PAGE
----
emerald7.pngNick Yonge's atmospheric science fiction adventure Emerald has met its Kickstarter goal and is tallying up stretch goals now. So far, the number of endings has increased from 6 to 10 and there will be 2 more rooms added to the abandoned starship where the game is set. There's only a few days to go in the campaign and to help make this game bigger and even better. I had a chance to play through the prototype, and I'm more excited about Emerald than ever.

Upon first entering the derelict ship, the corridors are dark and deserted. I took a moment to get used to the controls: The up and down arrows move you forwards and backwards, and the left and right arrows rotate you. You are always situated with your feet towards the bottom of the screen, so rotating has the effect of revolving the entire ship around you. Movement is smooth and a little bit like swimming, and captures what it could feel like to float weightless through a maze. Note that the developer does plan to tweak the controls.

I followed a somewhat visible path, passed some odd square shapes that didn't look like part of the bulkhead, and soon found myself in a chamber with some power and better lighting. It was the control room. I found a terminal and didn't hesitate to reactivate the ship's power. I want to take a moment to point out how nice the terminal interface is. It's easy to read and the way you activate something by holding the spacebar until a small bar fills gives every decision a weightier feeling.

Activating the ship's power gave me access to a map of the ship's layout, which also listed a set of potential objectives for me. There were other systems on the ship that needed to be restored manually, but getting to them would prove to be a challenge. By restoring power to the ship, I had inadvertently activated the automated defense systems. Now I knew what those little squares I had seen before were.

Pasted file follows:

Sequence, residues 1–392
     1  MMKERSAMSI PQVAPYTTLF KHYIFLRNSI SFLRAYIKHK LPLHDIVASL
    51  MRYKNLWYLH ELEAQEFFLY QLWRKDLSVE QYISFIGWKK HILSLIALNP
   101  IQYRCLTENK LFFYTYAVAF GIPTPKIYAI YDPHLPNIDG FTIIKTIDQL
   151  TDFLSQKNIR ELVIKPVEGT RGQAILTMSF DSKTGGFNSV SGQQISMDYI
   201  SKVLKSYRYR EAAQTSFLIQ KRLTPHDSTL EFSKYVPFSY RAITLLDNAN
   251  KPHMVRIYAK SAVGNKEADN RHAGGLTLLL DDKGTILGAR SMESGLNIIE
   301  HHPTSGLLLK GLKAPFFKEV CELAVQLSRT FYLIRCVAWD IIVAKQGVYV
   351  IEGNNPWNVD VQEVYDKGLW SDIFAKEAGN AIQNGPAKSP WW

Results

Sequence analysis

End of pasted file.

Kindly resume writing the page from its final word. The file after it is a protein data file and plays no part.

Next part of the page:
emerald9.pngThey sit in place, emitting pulses around them in concentric circles. I learned quickly that crossing one of these rings would awaken the defense drone at the center, who would doggedly pursue me until I left the room. There were also stationary guns blindly shooting down corridors, and I had to dart across their line of fire in between bursts of whatever kind of projectile can pierce a person but not a hull.

Honestly, I wasn't expecting the action part of the game to be quite so intense. Fleeing drones with the room spinning around me as I tried to keep my bearings and stay alive got pretty insane at times. Fortunately, if you're hit, you simply respawn where you entered the room. Maybe hit points or a limited shield could alleviate some of the often brutal difficulty.

After activating most systems, I was treated to interactive flashbacks of my time on Earth. Who was I before this? What did I leave behind and why? I got vague, melancholy impressions, but the character's backstory (and that of the ship) will be considerably expanded in the final version.

emerald8.pngThe decisions I had to make during the course of the game were deliciously tough. Should I risk trying to make it to the relativistic dampener in order to protect myself from the timey-wimey effects of near-lightspeed travel? Should I go ahead and enter a cryogenic preservation chamber and wait for help or press on with the ship's mission? Or is it time to try and turn this thing around and head back home? Your choices ultimately determine which of the game's many endings you get, making the replay value extremely high.

The simple, even abstract graphics, helped by the awesome audio design, really made me feel like I was floating through the drone-patrolled corridors of a mysterious starship, on a lonely, uncertain mission to decide my fate. I felt every missile impact and every weighty decision.

The Emerald prototype is built in Flash, but the game is being rebuilt--and expanded--in Unity. The general style is in place, but there will be more graphical effects and a lot more story. Get in on the action at the Emerald Kickstarter page.